For Clemson, building postseason resume more challenging than usual in ACC

For Clemson, building postseason resume more challenging than usual in ACC


For Clemson, building postseason resume more challenging than usual in ACC


With Selection Sunday for the NCAA men’s basketball tournament exactly two months from today, Clemson is again working on putting together a resume that’s worthy of real consideration for an at-large berth.

For the Tigers and other tournament hopefuls in the ACC, that’s proving to be a bigger challenge than usual in their conference.

The ACC has long been one of the sport’s premier leagues given its collection of talent and depth. The conference has won five national titles (with four different teams) since 2010 and has sent at least seven teams to each of the last five NCAA Tournaments. The ACC has never had fewer than three bids since the tournament expanded to 64 teams – and eventually 68 – in 1985.

To this point, though, it’s been a down year for the ACC, which is making for fewer opportunities for its teams to notch the kind of quality wins against each other that are going to move the needle in the eyes of the NCAA selection committee, which uses the NCAA Evaluation Tool, or NET, to assess teams’ respective bodies of work when determining at-large bids and seeding come March.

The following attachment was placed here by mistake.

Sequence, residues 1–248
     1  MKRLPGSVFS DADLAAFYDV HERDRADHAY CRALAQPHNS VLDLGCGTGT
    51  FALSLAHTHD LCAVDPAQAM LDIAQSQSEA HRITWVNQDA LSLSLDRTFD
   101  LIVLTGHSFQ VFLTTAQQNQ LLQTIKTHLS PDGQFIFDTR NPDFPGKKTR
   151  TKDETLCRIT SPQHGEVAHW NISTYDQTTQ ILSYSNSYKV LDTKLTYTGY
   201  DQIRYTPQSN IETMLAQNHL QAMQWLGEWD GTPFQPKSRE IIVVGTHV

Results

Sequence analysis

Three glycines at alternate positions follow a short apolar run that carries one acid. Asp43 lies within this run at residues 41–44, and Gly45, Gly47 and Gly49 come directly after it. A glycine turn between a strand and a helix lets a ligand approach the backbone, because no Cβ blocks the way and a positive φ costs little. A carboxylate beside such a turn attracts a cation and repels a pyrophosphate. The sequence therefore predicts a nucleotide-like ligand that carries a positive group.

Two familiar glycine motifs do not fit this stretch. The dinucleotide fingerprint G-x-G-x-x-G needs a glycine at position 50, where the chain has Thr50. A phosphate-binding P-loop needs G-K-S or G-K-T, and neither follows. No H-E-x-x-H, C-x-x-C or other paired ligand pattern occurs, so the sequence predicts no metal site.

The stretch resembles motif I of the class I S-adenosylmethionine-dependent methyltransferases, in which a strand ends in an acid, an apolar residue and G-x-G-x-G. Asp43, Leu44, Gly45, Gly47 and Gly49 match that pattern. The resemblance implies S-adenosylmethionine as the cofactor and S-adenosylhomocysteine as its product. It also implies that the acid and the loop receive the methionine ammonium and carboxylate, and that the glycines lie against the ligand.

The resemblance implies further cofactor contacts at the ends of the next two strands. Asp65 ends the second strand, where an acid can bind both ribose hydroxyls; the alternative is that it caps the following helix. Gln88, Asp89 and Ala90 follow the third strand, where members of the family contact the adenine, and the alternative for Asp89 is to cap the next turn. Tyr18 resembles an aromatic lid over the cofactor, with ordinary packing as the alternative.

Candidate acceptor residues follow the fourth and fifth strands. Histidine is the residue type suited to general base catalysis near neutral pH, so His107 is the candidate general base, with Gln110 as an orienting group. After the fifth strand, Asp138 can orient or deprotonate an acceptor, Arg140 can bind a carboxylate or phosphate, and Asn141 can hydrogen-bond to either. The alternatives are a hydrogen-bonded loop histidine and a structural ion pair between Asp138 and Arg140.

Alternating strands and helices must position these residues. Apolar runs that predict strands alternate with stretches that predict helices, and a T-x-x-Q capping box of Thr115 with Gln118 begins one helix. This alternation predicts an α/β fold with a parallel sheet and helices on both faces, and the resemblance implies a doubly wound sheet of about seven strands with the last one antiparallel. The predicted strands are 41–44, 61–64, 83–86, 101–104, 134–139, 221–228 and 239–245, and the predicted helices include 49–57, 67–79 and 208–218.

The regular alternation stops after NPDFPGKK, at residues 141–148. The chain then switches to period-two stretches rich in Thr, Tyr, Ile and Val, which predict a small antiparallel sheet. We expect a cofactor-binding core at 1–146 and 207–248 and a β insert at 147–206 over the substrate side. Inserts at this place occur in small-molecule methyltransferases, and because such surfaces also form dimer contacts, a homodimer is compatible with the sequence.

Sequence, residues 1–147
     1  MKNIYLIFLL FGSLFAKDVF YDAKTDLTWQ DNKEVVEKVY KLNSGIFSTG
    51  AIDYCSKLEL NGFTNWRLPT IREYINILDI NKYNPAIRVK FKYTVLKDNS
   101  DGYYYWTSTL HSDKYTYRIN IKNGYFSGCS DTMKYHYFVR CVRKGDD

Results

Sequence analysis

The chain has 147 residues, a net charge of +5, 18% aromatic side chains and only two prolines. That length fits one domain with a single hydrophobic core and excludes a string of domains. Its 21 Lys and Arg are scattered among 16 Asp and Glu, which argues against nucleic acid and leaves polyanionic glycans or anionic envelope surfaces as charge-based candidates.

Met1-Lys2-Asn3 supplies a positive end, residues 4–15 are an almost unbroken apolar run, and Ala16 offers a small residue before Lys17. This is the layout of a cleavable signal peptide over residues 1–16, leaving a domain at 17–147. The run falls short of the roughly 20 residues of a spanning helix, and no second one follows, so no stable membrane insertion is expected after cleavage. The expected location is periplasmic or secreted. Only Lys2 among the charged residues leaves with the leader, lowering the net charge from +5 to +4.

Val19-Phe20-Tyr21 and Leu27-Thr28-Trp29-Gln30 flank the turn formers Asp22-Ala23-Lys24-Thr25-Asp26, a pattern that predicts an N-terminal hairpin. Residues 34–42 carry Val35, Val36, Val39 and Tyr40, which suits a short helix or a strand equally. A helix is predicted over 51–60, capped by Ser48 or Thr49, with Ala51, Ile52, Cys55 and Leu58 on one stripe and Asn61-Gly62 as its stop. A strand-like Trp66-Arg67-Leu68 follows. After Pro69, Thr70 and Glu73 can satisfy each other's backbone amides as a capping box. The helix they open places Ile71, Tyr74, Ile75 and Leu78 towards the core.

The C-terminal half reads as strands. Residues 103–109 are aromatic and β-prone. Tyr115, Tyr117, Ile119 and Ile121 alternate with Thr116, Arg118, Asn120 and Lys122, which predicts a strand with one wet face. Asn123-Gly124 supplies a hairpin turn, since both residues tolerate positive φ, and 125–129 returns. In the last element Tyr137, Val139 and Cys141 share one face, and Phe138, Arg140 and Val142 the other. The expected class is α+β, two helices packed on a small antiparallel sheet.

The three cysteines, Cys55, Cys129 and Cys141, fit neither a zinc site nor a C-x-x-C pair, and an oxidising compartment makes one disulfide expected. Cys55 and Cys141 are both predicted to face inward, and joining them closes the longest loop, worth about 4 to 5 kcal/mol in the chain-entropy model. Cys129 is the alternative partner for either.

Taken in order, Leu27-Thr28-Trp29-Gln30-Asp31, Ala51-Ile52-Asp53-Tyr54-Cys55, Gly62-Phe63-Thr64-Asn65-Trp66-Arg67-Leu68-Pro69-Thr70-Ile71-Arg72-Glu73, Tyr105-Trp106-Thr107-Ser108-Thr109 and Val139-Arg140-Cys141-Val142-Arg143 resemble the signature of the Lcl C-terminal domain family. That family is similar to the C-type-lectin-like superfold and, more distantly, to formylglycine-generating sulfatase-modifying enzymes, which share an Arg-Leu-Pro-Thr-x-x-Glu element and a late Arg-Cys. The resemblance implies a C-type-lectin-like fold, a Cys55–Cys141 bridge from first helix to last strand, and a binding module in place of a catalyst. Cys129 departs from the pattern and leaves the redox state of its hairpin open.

Take Clemson’s latest game for example.

The Tigers (10-6, 2-3 ACC) missed out on what would’ve been their sixth win in seven games in their most lopsided loss of the season at Notre Dame on Wednesday. But even if Clemson had won it, it wouldn’t have been that elusive Quadrant 1 win that’s missing from the Tigers’ resume since Notre Dame’s NET ranking sat at No. 87 before the game. Per the NCAA’s classification of NET wins, only victories over top-75 teams on the road qualify as Quad 1 wins, which can also be accrued by beating top-30 teams at home.

Home wins against teams ranked 31-75 and road wins against teams ranked 76-135 classify as Quad 2 victories. Wins against teams ranked any lower than that fall in quadrants 3 and 4. The higher the quadrant victory, the more weight it carries with the NCAA selection committee.

But the ACC, which is a combined 12-35 in Quad 1 games so far this season, doesn’t have nearly the number of teams it usually does closer to the top of the NET rankings. There are still the usual suspects – Duke is the league’s highest-ranked team in the NET at No. 15 while North Carolina is next at 35th – but Clemson was one of just six ACC teams in the top 75 heading into Wednesday’s games.

For the sake of comparison, the conference had 10 teams finish last season in the top 75 of the NET.

“Not really worrying about that, to be honest with you,” Clemson coach Brad Brownell said. “We can’t control what other teams’ NET and all of those things are.” 

That’s not to say Wednesday’s outcome was insignificant for Clemson. As the quadrants show, teams are rewarded more for winning on the road, a big reason why the Tigers were still No. 57 in the NET despite having five losses heading into their matchup with Notre Dame. Nearly half of Clemson’s wins have come away from Littlejohn Coliseum, including both of their league wins (Virginia and North Carolina State).

The Fighting Irish also provided Clemson with a shot at a Quad 2 win, which would’ve helped a resume that, according to one bracketologist, is bubbly. ESPN’s Joe Lunardi had the Tigers among the “First Four Out” of the tournament field in his latest bracket projections released before Wednesday’s game was played.